Add the patina of scientific authority by way of character acting, the dipshittery of celebrity…and:

***Chef’s Kiss:

This is how I choose to remember Spock:

You had me at ‘diamond-quilted red velvet.’

Perhaps you’re thinking that’s a standard 1978 ‘Custom Star Trek ‘boogie’ van: The kind you might see parked at a ‘Bad Company‘ concert, or maybe pulling next to you at a stoplight, blasting Journey’s ‘Wheel In The Sky‘ or  Heart’s ‘Barracuda.’

The interior certainly conjures some ‘If This Van’s A Rockin’, Don’t Come A Knockin‘ sentiment.

Move-in a little closer, however, and that sweet exterior paint-job begins to reveal mysterious depths of the human condition.

No, I’d say someone involved here has the soul of a poet.

Is Spock in possession of that bare-chested space Amazonian?

Have we, the observers, already stumbled unawares into a supreme space drama unfolding in real time?  Some potential new danger calling-up our best selves to triumph as we too gaze to the horizon along with them…to the heavens…to Dairy Queen or the gas station…to that final frontier?

You try and learn from people, especially from people who know stuff you don’t.

Just ’cause you know about physics (theories grounded in evidence and experiences explaining all known evidence and experiences), doesn’t mean you know everything, but you do know some important things.

Ed West, Theodore Dalrymple & Some Old Links On Cuba

Ed West at UnHerd: ‘The West’s Cultural Revolution Is Over

An interesting take from across the pond:

The past 50 years or so have seen a cultural revolution in western society comparable in scope to the Reformation. Most of us have known only that period of transition, when morality and norms were up for debate, but perhaps it is now over. Perhaps we have returned to the sort of world we lived in when England last reached a final, in 1966 – a world of strictly enforced social mores.

Perhaps…

Oh, there will be rules.

Theodore Dalrymple spends a lot of time in France, and comments on regional elections (Macron vs Le Pen, 2022)

Also, Dalrymple on Haiti.

A few years ago now…

Many folks have explained why Communist revolutions begin in violence and end in such misery, and why so many followers cling to these doctrines with a sort of religious fervor, selectively blind hope, and continued loyalty.

Or at least some folks held their ground and documented the mess:

Robert Conquest At The Hoover Institution: ‘When Goodness Won’

A Few Thoughts On Isaiah Berlin’s “Two Concepts Of Liberty”…Appeasement Won’t Do-Via A Reader, ‘Michael Ignatieff Interview With Isaiah Berlin’

Michael Moynihan takes a look at how some in the Western media and in positions of influence have handled the death of what [was] essentially, a brutal dictator:

Still Stuck On Castro:

‘The preceding days have demonstrated that information peddled by Castro’s legion of academic and celebrity apologists has deeply penetrated the mainstream media consciousness, with credulous reporting sundry revolutionary “successes” of the regime: not so good on free speech, but oh-so-enviable on health care and education.’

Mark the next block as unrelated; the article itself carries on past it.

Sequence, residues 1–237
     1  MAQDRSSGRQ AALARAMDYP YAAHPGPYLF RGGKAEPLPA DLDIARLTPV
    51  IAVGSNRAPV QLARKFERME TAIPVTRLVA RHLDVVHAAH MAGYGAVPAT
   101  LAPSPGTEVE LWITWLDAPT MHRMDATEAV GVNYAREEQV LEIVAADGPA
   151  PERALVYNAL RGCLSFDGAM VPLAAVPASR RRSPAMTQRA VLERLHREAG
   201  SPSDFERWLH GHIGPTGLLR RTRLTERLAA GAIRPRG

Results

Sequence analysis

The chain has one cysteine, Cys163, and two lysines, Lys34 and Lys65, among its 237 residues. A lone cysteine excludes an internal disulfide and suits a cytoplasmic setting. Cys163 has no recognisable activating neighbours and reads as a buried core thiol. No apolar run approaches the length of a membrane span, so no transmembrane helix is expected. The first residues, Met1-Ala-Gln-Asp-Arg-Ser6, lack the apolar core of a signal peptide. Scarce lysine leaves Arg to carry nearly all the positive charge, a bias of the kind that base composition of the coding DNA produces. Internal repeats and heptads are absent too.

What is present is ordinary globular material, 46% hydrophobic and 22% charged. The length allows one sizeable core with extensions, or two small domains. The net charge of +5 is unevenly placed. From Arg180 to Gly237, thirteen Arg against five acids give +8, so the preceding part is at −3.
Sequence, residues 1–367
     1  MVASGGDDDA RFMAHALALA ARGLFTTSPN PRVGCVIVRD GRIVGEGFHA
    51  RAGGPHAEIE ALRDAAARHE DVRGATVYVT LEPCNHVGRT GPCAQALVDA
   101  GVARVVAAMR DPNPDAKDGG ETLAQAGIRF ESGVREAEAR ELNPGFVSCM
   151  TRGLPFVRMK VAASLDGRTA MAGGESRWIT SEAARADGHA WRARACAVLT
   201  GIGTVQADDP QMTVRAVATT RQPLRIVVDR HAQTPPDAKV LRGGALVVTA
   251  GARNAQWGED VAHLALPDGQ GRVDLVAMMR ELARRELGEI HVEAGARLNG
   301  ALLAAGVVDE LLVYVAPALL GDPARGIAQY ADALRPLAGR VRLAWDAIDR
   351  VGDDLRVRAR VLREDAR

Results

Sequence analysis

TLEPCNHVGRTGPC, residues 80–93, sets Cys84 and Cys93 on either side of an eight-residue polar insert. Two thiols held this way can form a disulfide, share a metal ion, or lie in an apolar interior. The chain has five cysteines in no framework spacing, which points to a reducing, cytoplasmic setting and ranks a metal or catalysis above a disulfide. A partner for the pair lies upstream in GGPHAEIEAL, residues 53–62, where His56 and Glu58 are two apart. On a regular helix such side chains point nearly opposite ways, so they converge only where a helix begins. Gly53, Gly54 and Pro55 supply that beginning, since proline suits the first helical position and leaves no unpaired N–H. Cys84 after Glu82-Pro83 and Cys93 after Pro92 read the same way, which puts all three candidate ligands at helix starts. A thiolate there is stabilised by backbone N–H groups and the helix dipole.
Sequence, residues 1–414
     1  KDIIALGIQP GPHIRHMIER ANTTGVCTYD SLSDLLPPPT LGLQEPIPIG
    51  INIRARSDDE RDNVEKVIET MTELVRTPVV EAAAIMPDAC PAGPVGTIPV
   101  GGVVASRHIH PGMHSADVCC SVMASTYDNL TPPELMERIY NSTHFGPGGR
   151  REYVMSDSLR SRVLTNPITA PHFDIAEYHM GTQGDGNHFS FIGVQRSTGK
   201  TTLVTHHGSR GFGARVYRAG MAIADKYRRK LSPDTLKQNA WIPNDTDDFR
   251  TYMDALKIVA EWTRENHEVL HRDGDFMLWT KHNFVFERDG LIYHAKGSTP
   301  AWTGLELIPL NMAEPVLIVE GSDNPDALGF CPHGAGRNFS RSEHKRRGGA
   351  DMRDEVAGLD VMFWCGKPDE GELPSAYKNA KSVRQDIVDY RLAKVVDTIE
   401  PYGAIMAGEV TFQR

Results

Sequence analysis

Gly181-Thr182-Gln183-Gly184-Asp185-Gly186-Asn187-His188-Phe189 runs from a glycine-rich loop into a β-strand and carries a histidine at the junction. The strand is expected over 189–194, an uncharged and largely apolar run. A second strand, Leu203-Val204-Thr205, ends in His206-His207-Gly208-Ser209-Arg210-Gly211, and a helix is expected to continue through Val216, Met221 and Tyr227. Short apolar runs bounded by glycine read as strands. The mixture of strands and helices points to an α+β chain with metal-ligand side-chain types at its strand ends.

and:

‘And how does Reuters describe Castro? After 50 years of brutal one-party rule, to apply the appellation “dictator” seems a rather contentious issue: “Vilified by opponents as a totalitarian dictator, Castro is admired in many Third World nations for standing up to the United States and providing free education and health care.” And again, we return to education and health care.’

Democratic socialism, and social democracy, are often just the distance some folks have migrated from their previous ideological commitments (tolerating market reforms and ‘neo-liberal’ economic policy out of necessity, not necessarily a change of heart nor mind).

For others it may be the distance they’ve unconsciously drifted towards such ideas more recently.

For other brave souls, it may be the distance required to stick one’s fingers into the political breezes which blow over the floor of the EU, in order to ‘stay engaged’:

Remember, this [was] the non-elected President of the EU Commission.

With the death of #FidelCastro, the world has lost a man who was a hero for many. https://t.co/u0ULZoG8Fl

— Jean-Claude Juncker (@JunckerEU) November 26, 2016

Michael Totten relays an anecdote here:

‘He told me about what happened at his sister’s elementary school a few years after Castro took over.

“Do you want ice cream and dulces (sweets),” his sister’s teacher, a staunch Fidelista, asked the class.

“Yes!” the kids said.

“Okay, then,” she said. “Put your hands together, bow your heads, and pray to God that he brings you ice cream and dulces.”

Nothing happened, of course. God did not did not provide the children with ice cream or dulces.

“Now,” the teacher said. “Put your hands together and pray to Fidel that the Revolution gives you ice cream and sweets.”

The kids closed their eyes and bowed their heads. They prayed to Fidel Castro. And when the kids raised their heads and opened their eyes, ice cream and dulces had miraculously appeared on the teacher’s desk.’

Gloria Estefan offers a window into Cuban culture, music, honor, and immigration as it mixes with American culture.

As previously posted:

Michael Moynihan reviewed Michael Moore’s ‘Sicko’ which praised the Cuban Health Care System.